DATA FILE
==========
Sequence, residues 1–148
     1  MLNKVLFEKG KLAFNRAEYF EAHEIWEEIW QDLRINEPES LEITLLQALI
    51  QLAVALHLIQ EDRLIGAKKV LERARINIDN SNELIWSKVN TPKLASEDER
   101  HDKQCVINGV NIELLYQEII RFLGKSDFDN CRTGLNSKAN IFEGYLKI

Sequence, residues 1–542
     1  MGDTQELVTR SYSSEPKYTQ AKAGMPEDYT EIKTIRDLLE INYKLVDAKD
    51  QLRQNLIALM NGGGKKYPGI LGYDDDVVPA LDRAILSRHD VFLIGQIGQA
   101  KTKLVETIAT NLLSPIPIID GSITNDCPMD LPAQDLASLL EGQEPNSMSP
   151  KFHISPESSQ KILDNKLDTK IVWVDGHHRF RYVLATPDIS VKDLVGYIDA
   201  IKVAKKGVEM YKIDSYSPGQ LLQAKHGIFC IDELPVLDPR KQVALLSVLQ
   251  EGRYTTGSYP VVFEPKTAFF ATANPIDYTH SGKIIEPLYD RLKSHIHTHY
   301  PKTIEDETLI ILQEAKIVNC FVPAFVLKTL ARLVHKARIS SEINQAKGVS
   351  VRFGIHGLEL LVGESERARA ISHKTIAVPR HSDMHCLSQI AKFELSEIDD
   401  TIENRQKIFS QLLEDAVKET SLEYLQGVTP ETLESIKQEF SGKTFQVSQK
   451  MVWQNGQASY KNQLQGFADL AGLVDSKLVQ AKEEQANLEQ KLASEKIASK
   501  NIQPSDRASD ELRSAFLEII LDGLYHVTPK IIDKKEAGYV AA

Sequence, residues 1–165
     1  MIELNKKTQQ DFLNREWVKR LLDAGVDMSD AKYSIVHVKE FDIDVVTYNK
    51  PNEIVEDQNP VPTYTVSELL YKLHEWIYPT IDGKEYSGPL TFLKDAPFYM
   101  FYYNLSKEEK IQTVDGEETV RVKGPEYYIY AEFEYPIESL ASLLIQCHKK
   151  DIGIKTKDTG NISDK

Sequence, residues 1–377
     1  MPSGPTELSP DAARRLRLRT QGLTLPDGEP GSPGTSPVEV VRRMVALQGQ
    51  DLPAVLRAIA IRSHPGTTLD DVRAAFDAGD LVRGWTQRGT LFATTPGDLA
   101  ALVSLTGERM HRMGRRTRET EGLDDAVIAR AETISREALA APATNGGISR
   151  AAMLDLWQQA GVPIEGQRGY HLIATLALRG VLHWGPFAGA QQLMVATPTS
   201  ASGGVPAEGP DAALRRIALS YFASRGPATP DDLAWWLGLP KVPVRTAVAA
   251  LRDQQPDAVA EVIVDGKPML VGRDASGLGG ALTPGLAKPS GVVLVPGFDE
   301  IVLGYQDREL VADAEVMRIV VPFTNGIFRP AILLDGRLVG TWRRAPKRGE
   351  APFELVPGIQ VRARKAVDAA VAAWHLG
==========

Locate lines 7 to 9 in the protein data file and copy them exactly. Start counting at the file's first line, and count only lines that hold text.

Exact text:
    51  QLRQNLIALM NGGGKKYPGI LGYDDDVVPA LDRAILSRHD VFLIGQIGQA
   101  KTKLVETIAT NLLSPIPIID GSITNDCPMD LPAQDLASLL EGQEPNSMSP
   151  KFHISPESSQ KILDNKLDTK IVWVDGHHRF RYVLATPDIS VKDLVGYIDA